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Comfort dogs give hugs and smiles to firefighters battling Dixie Fire

Several times per week, as firefighters prepare to depart or return back to base camp for their 24 hour shifts battling the Dixie Fire, they are greeted by a group of golden retrievers and their handlers from Lutheran Church Charities K-9 Comfort Dog Ministry.


CHICO — The Dixie Fire has now grown to approximately 446,723 acres and is that the third-largest fire in state history.

However several times per week, as firefighters prepare to depart or return back to base camp for his or her 24 hour shifts battling the Dixie Fire, they're greeted by a gaggle of golden retrievers and their handlers from Lutheran Church Charities K-9 Comfort Dog Ministry.




Lutheran Church Charities K-9 Comfort Dog Ministry began attending the Cal Fire base Camp at Silver Dollar Fairgrounds in Chico on July 25 and has continued to go to firefighters several times per week as requested.

Lutheran Church Charities K-9 Comfort dogs Micah, Aaron, Reuben, Gomer and their handlers visited firefighters Friday. Micah is from Light of the Valley Lutheran Church in Elk Grove, Gomer and Aaron are from St. John’s Lutheran Church in Napa, and Reuben is from First Lutheran Church in Yuba City. The dogs are working dogs and aren't pets, and funds to support the dogs are fundraised by each church.


Cal Fire firefighter Melissa Bell pets Lutheran Church Charities comfort dogs Reuben and Micah before leaving to assist fight the Dixie Fire on Friday at the Cal Fire base camp at Silver Dollar Fairgrounds in Chico. Reuben is from First Lutheran Church in Yuba City and Micah is from Light of the Valley Lutheran Church in Elk Grove. (Justin Couchot -- Enterprise-Record)

“This isn't about us trying to convince people trying to hitch the Lutheran Church ,” said Lutheran Church Charities Director of Communications Debra Baran. “We are out here for people that want friendship, love and luxury .”





Lutheran Church Charities K-9 Comfort Dog Ministry may be a nonprofit ministry which began in 2008 and has over 130 comfort dogs in 27 states. The organization uses only pure-bread golden retrievers, stating the breed mid-large sized dogs which are very docile and approachable. The dogs receive a minimum of 2,000 hours of coaching and are then assigned to a handler where the dog lives. While each dog must have a primary and secondary handler, the dogs are trained to obey the commands of up to 10 handlers.

The comfort dogs visit firefighters battling wildfires across the us , however the dogs also visit schools, assisted living facilities, hospitals, police stations, fire departments, military events or wherever they're invited. The organization is travel by primarily volunteers and is freed from charge to any organization it visits.




“When you've got them here, you’re ready to pet them and show the love. It’s just a very special connection,” Bell said. “And when people are out on the hearth line for an extended period of your time , it’s long and draining days so it helps boost the morale once we come and we’re ready to pet dogs. It just brings an entire other energy.”

For Nathan Frankhauser, a Merced firefighter assisting Cal Fire on the Dixie Fire, often Facetimes his six and eight-year-old children after coming back from the hearth line when the dogs are visiting and called the dogs an “unexpected treat.”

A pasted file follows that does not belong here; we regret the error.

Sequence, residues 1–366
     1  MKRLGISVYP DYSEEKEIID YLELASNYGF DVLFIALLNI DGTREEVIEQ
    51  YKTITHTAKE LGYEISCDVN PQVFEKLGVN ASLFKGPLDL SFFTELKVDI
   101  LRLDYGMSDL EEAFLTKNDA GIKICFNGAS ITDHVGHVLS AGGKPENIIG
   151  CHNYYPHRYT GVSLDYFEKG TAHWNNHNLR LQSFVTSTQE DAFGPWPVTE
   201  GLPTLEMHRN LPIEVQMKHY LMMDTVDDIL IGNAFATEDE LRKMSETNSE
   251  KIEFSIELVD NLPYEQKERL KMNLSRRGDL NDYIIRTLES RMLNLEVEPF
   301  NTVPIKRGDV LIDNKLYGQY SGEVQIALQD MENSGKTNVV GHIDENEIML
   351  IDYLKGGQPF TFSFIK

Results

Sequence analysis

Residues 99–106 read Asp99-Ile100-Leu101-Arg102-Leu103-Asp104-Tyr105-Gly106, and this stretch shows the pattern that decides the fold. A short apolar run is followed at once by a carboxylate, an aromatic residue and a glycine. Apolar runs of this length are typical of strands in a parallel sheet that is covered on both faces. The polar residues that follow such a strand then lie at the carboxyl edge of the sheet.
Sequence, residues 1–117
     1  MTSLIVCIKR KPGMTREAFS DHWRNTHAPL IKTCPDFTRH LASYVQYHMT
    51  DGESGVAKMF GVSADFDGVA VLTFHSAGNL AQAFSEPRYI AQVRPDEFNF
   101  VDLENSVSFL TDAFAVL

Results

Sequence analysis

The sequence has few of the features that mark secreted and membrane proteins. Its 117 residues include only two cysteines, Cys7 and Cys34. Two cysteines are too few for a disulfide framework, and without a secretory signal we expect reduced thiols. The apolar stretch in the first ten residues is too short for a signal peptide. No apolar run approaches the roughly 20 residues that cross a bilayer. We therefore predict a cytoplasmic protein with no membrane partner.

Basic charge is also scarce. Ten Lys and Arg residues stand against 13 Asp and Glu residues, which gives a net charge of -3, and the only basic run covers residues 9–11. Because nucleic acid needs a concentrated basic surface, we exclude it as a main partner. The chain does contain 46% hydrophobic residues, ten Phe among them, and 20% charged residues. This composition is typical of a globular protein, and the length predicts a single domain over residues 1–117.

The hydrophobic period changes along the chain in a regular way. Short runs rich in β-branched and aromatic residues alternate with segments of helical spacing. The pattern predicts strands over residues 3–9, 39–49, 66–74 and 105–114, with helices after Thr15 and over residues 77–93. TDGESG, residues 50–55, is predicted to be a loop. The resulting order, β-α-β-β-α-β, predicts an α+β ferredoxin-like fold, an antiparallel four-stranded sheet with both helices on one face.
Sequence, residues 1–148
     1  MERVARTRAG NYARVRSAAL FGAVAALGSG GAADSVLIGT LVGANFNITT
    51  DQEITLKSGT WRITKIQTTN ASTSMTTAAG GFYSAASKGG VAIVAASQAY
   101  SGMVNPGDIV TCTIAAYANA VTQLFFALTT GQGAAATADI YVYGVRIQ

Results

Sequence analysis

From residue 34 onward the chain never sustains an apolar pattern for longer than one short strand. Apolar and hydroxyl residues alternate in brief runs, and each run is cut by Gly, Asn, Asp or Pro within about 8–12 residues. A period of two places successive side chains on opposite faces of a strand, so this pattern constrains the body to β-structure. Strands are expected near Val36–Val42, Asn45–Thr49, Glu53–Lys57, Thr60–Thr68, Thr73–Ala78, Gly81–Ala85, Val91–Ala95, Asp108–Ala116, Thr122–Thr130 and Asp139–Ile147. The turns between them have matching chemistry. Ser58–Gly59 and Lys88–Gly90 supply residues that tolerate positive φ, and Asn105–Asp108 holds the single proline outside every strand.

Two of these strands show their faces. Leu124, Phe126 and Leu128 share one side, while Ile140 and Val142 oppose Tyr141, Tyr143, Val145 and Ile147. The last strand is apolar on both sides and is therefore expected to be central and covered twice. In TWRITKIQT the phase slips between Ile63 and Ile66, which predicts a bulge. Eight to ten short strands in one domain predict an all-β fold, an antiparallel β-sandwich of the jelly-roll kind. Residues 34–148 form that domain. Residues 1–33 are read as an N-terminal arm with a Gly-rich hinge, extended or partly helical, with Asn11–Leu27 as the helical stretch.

Frankhauser said the dogs became celebrities in his house, stating his kids can’t wait to ascertain the golden retrievers when he called. Frankhauser brought home stuffed animals of two of the dogs, called “stuffies,” also as business cards for every dog with a photograph .




“You have the dogs out here, you see them from a distance and as they approach you, you can’t help but approach the dogs and begin petting the dogs,” Frankhauser said. “When they lick your hand and you are feeling that reference to the dog it just puts a smile on your face and it helps you think that about the great things in life.”

Handler Marilyn Hunter said that the dogs are considered comfort dogs as against service dogs because the work of a service dog is to be there for the one handling the dog, whereas a comfort dog and its handler are there to assist people .

Hunter noted several differences between the comfort dogs and therefore the everyday dog one may have reception as a pet. She said that the dogs don't give “dog kisses”, they are doing not “shake” or “high five.” The dogs don't give kisses, high fives or shake in order that once they visit elderly visitors the likelihood of injury or cuts on thin skin is eliminated.

When the dogs attend the toilet it's also a command — called a “hurry up.”

“Everything may be a command,” Hunter said.

Hunter wont to show dogs in competitions and she or he and her husband were looking into which sort of ministry they might come upon retirement and loves how she is in a position to assist in her retired life.




“This is extremely on the brink of my heart since I wont to show dogs, so I even have handled dogs before, so this was one among those things that's sort of a calling,” Hunter said. “For some people, it’s a calling and that i desire it's because I see what these dogs do for people and they’re just wonderful.”

Hunter remembered a story where a lady was on a four-wheeler with two others and insisted the driving force stop as Hunter and her dog walked by. Hunter said the firefighter jumped off the four-wheeler and said, “I need a golden hug,” before giving the dog an enormous hug.

“It’s those sorts of things. When firefighters come running over from two rows over because they simply need a hug.”
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